An active severe weather period will return to the Southern Plains, Plains and Mid-South late this upcoming week into the weekend (Friday through Sunday).
By Friday, a trough will approach the Plains from the west (see Fig. 1). This will spread decent shear into the Southern Plains and allow a ‘sharp’ dryline to take shape. Good moisture will advect ahead of this dryline with dewpoints in the 60s & 70s by Friday afternoon (see Fig. 2). The states that look to be under fire Friday afternoon are: Texas, Oklahoma and Kansas as thunderstorms develop along the dryline.
Due to the favorable setup for severe thunderstorms, the Storm Prediction Center (SPC) has already highlighted a slight risk area for western Kansas, western Oklahoma and western Texas for Friday afternoon/evening (see Fig. 3).
By Saturday afternoon, the dryline will move east (closer to the I-35 corridor) allowing the severe weather threat to shift east into northern & central Texas, central and eastern Oklahoma and eastern Kansas (see Fig. 4).
Heading into Sunday, the severe threat will shift east into Arkansas, Louisiana and Mississippi. At this time, it appears widespread severe thunderstorms are possible each day (Friday through Sunday). While this event is still severe days out, there is enough confidence to introduce the possibility of tornadoes, damaging winds, large hail and flash flooding each afternoon during this time period. As the event nears, and certain details become more clear, we can pinpoint which areas will have the greatest chance to see tornadoes.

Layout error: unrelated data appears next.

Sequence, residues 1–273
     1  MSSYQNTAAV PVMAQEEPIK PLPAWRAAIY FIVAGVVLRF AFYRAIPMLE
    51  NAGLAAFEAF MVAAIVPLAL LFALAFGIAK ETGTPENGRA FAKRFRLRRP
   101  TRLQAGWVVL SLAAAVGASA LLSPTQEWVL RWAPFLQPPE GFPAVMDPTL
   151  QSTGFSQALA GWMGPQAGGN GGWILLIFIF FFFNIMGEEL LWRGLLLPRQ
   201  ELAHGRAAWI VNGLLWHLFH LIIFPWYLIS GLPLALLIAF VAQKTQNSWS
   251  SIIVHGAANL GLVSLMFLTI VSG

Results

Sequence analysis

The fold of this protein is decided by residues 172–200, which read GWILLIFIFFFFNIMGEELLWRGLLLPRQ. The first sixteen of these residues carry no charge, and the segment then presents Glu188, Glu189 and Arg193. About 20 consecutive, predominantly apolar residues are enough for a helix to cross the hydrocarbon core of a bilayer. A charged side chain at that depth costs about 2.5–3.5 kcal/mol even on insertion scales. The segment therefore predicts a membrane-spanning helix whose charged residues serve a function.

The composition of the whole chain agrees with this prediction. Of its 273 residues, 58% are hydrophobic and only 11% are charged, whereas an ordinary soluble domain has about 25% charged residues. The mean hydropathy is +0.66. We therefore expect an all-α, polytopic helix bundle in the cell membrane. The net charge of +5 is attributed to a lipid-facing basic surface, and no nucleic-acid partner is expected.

Christopher Nunley is Meteorologist on Firsthand Weather, Lecturer in the Department of Geosciences at Mississippi State University (MSU), and a PhD Candidate (Earth and Atmospheric Sciences) at MSU. He earned his M.S. in Applied Meteorology at MSU, was an Assistant Cross Country Coach and taught at the University of North Texas, and was a Broadcast Meteorologist at KTEN-TV (just north of Dallas, Texas). Christopher’s main focus lies within teaching and inspiring prospective meteorology students, atmospheric research to further our understanding of atmospheric processes, and forecasting and analyzing extreme weather events to help save lives!